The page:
By Greg Mills
Prognosticators of all things Apple are reviewing their previous posts to count off the things they got right and the things they got wrong. The realization came to me as I read a post on the event written by a CNN tech writer stating that the big event wasn’t any big deal. When there are so many Apple hardware products that are ready to upgrade, why didn’t any hardware at all get announced? Clearly new Wi-Fi servers are in the works, for example.
The answer is something CEO Steve Jobs has in spades: FOCUS. Apple plays the press like a violin. They know that only a few new things can get the full press treatment and, hey, why not split the product releases info multiple events to maximize the free press Apple gets? That free press is worth a fortune.
Within a few weeks there will be special events where things like faster routers, new iPhones and the other cool new Apple products will be released. They will also get the major press treatment they each deserve and not simply share the stage with Lion, iOS 5 and the iCloud.
Keep in mind, the event that is going on is the Worldwide Developers Conference. Duh, read that software and platform infrastructure. Apple wants the important things they are doing in the platform area to be the focus of this event. The iPhone 5 will come out, not to fear. The pattern of having fewer products released in a batch makes perfect sense.
The focus on iCloud as a sync mechanism between Apple devices is really more the intent of Apple’s cloud innovation than merely a hard drive in the sky. As it is now, when I get an email there is a ding, dong, ding as my email@example.com account distributes the message on all my Internet devices. That may soon include Apple TV. The iCloud will extend that syncing feature even more.
The US$25 a year “ripped music recognition and catalogue” concept is designed to minimize server farm memory use on repetitive data. Why store 1,576,453 copies of a popular song on the servers when using a tiny amount of memory you could list the all iCloud customers who have a right to access that particular song and simply have one copy on the servers that everyone shares?
The benefit is that the quality of the song Apple has in its servers might well be better than the copy you ripped sometime ago. This makes sense for Apple and consumers alike. It was the music companies that feared they wouldn’t be compensated for pirated music found on users iTunes files. The $25 will, no doubt, be shared with them.
Also cool is the picture sharing feature through the cloud. I have been testing a Wi-Fi flash memory card that automatically downloads pictures from my Sony digital camera to my laptop. The new iPhoto feature will automatically sync those new pictures with my iPad and iPhone when they are in Wi-Fi range.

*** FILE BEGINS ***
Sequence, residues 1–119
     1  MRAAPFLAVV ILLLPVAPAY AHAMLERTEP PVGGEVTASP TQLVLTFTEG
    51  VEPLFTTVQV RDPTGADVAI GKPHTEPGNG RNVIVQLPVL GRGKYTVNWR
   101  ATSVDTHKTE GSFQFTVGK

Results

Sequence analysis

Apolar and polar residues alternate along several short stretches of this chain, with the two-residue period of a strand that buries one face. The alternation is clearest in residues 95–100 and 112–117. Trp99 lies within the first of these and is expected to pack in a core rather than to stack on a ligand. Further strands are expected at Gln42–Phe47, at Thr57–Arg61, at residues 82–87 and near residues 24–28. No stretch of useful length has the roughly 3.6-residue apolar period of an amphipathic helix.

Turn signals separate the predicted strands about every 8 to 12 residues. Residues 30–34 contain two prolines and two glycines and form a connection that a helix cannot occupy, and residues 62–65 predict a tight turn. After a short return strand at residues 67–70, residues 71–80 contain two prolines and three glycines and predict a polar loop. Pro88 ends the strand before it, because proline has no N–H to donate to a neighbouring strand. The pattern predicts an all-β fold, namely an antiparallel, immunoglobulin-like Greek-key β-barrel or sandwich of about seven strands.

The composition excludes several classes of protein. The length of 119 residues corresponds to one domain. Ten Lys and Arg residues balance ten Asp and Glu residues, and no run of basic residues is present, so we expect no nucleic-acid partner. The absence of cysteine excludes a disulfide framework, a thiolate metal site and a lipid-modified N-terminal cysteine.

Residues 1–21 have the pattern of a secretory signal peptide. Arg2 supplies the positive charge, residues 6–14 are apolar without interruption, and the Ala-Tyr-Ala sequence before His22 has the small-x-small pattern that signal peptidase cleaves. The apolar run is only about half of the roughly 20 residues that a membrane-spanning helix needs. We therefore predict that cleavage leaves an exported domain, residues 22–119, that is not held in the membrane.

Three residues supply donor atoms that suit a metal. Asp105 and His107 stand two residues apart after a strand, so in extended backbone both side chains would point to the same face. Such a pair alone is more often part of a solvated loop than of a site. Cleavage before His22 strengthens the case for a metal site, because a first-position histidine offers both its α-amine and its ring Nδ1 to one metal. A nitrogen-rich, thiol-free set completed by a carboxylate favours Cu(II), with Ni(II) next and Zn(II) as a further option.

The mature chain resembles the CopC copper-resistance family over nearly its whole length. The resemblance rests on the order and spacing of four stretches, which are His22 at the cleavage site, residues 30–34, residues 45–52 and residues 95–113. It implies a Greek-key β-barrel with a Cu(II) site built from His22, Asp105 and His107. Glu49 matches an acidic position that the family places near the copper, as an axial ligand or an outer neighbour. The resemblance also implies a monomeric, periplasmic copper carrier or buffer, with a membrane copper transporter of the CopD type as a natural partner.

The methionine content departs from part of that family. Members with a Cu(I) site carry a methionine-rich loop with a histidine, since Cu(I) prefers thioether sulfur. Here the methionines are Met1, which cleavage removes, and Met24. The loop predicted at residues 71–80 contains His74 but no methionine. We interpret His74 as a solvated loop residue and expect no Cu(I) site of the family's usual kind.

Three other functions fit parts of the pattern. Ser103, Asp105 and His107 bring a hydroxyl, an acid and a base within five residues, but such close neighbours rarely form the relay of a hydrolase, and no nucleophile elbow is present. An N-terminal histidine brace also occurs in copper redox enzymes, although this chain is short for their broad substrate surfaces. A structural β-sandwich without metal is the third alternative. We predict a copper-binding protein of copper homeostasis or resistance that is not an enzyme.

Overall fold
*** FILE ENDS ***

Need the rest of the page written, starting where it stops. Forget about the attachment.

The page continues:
Automatically updating software in the background is also slick. I suppose Lion users will be able to configure their computer to automatically update itself. Some people don’t bother to update their software regularly and with the expectation of Mac specific malware to increase, having an ability to quickly patch a vulnerability on millions of Macs would go a long way in reducing threats to the platform.
The Lion new feature information is still mostly held in reserve, with only about 10 out of 250 new features released. Details about the new Lion will come out in a way that can be fully absorbed by the press and consumers alike. What surprised me was the new price of only $29. Compare that with Microsoft’s PC OS prices.
While the history of Apple allowing its OS to run on non-Apple hardware is well known, I think Microsoft would roll up the sidewalks and sell off the office furniture if Apple were to release a 30-day trial version of Lion for use on any old PC. After that, PCs would have to junk their junk and buy a Mac.
I think people, long abused by the buggy software Redmond throws out the door, would be blown away when allowed to compare their Windows experience with Mac OS X, even running on a junk PC. The technical issues are really not a problem; it is only an Apple policy that needs to be reconsidered. Apple could destroy Microsoft with such a trial version program.
Remember, when dealing with Apple, they think differently.
That’s Greg’s Bite.
(Greg Mills is currently a graphic and Faux Wall Artist in Kansas City. Formerly a new product R&D man for the paint sundry market, he holds 11 US patents. Greg is an Extra Class Ham Radio Operator, AB6SF, iOS developer and web site designer. He’s also working on a solar energy startup using a patent pending process for turning waste dual pane glass window units into thermal solar panels used to heat water see: www.CottageIndustrySolar.com Married, with one daughter, Greg writes for intellectual property web sites and on Mac/Tech related issues. See Greg’s art web site at http://www.gregmills.info He can be emailed at firstname.lastname@example.org )